When groups decide to use asynchronous online discussions: collaborative learning and social presence under a voluntary participation structure

JOURNAL OF COMPUTER ASSISTED LEARNING, Issue 2 2009
H.-J. So
Abstract The purpose of this study is to explore how groups decide to use asynchronous online discussion forums in a non-mandatory setting, and, after the group decision is made, how group members use online discussion forums to complete a collaborative learning project requiring complex data gathering and research processes. While a large body of research on computer-mediated communication (CMC) has documented successful intervention strategies to promote and sustain online discussion forums, little of the research has examined the use of online discussion forums in voluntarily contexts, wherein the decision to use online discussion forums is a personal decision and participation is not a graded component. This study approaches the research questions using a naturalistic case study of one graduate-level blended learning course with 55 students. Employing both student interviews and content analysis methods, this study revealed that the factors affecting the group decision to use online discussion forums are (1) successful or unsuccessful experiences during the first trial, (2) perceived affordances of CMC tools, and (3) the interplay between the nature of collaborative tasks and perceived efficiency. The content analysis of online postings in two voluntary groups revealed that when groups decided to use online discussion forums, participation levels were almost equal among individual group members, and discussion threads were sustained until the final completion of the collaborative project. [source]


The effects of animations on verbal interaction in computer supported collaborative learning

JOURNAL OF COMPUTER ASSISTED LEARNING, Issue 5 2008
M. Sangin
Abstract This paper focuses on the interaction patterns of learners studying in pairs who were provided with multimedia learning material. In a previous article, we reported that learning scores were higher for dyads of an ,animations' condition than for dyads of a ,static pictures' condition. Results also showed that offering a persistent display of one snapshot of each animated sequence hindered collaborative learning. In the present paper, further analyses of verbal interactions within learning dyads were performed in order to have a better understanding of both the beneficial effect of animations and the detrimental effect of the presence of persistent snapshots of critical steps on collaborative learning. Results did not show any differences in terms of verbal categories between the two versions of the instructional material, that is, static versus animated pictures. Pairs who were provided with persistent snapshots of the multimedia sequences produced fewer utterances compared to participants without the snapshots. In addition, the persistent snapshots were detrimental both in terms of providing information about the learning content and in terms of producing utterances solely for the purpose of managing the interaction. In this study, evidence also showed that these two verbal categories were positively related to learning performances. Finally, mediation analyses revealed that the negative effect of persistent snapshots was mediated by the fact that peers of the snapshots condition produced less information providing and interaction management utterances. Results are interpreted using a psycholinguistic framework applied to computer-supported collaborative learning (CSCL) literature and general guidelines are derived for the use of dynamic material and persistency tools in the design of CSCL environments. [source]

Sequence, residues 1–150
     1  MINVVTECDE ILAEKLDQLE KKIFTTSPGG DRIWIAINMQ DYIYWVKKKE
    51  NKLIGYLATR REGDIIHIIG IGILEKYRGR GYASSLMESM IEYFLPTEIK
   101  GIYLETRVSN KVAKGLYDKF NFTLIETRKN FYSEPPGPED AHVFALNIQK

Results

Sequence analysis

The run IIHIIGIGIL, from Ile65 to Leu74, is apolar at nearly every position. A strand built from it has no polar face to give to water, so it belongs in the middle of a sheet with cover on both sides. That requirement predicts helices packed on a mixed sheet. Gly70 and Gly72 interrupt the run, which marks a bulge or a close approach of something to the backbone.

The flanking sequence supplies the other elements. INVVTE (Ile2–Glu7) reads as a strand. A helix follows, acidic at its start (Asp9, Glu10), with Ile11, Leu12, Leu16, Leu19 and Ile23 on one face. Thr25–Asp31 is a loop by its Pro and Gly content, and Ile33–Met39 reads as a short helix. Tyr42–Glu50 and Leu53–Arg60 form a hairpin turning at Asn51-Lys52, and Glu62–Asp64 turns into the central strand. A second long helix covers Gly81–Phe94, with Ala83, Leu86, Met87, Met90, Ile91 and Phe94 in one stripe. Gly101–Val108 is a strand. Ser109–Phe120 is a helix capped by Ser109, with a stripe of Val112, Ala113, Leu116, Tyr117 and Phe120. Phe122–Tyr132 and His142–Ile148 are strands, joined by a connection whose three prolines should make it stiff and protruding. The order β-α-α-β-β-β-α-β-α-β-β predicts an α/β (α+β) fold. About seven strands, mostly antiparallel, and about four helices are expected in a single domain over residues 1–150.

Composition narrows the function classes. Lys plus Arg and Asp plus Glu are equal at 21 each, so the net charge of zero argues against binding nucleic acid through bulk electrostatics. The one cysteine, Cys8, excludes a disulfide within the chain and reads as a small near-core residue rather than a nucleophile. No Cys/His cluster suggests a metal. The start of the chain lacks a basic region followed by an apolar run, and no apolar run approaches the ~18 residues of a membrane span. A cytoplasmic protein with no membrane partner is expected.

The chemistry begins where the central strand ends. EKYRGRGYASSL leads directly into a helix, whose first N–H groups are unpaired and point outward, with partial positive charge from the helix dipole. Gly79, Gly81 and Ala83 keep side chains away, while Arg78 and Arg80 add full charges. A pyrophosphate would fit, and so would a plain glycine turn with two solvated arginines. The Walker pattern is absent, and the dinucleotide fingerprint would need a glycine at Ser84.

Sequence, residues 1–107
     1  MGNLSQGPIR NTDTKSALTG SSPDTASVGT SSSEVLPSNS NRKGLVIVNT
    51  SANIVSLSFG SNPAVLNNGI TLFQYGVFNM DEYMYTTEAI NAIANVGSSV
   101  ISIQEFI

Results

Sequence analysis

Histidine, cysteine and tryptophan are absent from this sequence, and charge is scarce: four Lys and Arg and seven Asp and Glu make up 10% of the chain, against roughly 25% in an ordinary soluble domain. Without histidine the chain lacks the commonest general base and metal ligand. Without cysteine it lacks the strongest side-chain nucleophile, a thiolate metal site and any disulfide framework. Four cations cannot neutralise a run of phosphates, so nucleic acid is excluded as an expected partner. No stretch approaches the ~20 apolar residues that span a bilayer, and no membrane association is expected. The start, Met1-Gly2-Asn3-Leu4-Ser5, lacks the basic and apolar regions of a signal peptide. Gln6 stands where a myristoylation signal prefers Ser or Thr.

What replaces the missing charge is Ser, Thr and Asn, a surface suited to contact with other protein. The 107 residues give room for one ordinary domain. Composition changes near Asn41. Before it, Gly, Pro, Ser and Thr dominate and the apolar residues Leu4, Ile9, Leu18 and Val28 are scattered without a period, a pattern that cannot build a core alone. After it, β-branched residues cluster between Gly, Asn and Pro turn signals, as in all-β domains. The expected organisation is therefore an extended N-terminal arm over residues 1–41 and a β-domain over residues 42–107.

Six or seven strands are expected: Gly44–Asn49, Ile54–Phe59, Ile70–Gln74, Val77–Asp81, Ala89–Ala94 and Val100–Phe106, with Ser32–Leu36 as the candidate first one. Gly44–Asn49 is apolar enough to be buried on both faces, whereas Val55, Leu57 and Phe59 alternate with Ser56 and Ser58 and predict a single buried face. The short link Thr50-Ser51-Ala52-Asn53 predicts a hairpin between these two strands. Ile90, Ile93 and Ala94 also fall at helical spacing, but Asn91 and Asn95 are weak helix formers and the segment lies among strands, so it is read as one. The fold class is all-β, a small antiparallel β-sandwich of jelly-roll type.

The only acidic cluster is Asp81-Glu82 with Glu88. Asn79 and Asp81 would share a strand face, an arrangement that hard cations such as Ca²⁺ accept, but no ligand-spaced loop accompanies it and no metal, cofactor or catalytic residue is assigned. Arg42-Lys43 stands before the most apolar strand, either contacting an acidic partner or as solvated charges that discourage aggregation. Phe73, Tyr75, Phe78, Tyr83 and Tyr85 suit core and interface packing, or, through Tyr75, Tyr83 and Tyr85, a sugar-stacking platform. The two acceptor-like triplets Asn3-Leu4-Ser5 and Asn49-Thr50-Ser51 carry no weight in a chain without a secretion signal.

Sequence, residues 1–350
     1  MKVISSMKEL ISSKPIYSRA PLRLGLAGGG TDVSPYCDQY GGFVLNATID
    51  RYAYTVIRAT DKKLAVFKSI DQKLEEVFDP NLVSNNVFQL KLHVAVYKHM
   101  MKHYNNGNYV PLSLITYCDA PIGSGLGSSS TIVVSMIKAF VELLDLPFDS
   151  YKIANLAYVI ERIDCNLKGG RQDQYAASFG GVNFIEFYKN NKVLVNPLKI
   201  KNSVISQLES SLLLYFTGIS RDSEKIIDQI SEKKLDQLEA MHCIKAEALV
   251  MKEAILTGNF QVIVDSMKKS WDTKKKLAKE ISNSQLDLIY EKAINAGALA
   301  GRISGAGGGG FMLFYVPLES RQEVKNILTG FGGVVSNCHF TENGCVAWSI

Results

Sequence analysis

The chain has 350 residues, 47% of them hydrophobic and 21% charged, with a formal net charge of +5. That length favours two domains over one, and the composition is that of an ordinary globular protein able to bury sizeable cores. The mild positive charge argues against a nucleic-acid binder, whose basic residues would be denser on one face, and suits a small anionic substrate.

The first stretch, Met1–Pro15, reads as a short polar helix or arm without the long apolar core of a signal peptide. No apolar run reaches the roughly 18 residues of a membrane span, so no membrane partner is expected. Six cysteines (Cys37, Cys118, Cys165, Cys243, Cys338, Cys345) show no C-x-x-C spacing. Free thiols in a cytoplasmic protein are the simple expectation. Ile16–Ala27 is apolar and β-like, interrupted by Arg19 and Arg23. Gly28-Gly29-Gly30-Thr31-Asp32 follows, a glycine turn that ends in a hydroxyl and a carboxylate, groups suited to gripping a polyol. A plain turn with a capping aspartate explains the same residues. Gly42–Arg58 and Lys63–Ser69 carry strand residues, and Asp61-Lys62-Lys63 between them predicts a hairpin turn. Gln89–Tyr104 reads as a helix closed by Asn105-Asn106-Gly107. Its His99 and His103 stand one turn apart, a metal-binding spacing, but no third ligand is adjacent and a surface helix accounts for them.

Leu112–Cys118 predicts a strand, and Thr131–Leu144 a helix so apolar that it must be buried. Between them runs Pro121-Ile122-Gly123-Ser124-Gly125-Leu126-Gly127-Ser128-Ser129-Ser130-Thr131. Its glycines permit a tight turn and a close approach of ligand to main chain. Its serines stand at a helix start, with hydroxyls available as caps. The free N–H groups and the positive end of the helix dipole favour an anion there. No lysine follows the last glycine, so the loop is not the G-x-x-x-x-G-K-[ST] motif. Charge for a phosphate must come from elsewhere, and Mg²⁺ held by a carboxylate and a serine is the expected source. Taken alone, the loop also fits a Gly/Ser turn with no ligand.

Gender-related differences in computer-mediated communication and computer-supported collaborative learning

JOURNAL OF COMPUTER ASSISTED LEARNING, Issue 5 2007
F.R. Prinsen
Abstract A question associated with the introduction of computer-supported collaborative learning (CSCL) is whether all participants profit equally from working in CSCL environments. This article reports on a review study into gender-related differences in participation in CSCL. As many of the processes in CSCL are similar to those in computer-mediated communication (CMC), studies into CMC are also included in the review. Male dominance is found to play a role in many CMC settings. A learning culture with an explicit focus on participation by all students seems to be related to a more gender-balanced participation in CMC, however. A tendency for boys to be more active participants than girls is also present in CSCL environments, but it is less pronounced than in CMC. This may be explained by the fact that participation is explicitly promoted in most CSCL environments. Gender differences in the character of students' contributions are found in both CMC and CSCL. It is concluded that in order to avoid gender-stereotyped participation and communication patterns, it is necessary to explicitly address inclusiveness as an aspect of a collaborative classroom culture. A plea is made for further research into differential participation by students in CSCL, and the effects thereof on cognitive and affective learning outcomes. Research should also focus on the question how classroom cultures can be promoted that support active participation of all students aimed at collaborative knowledge construction. [source]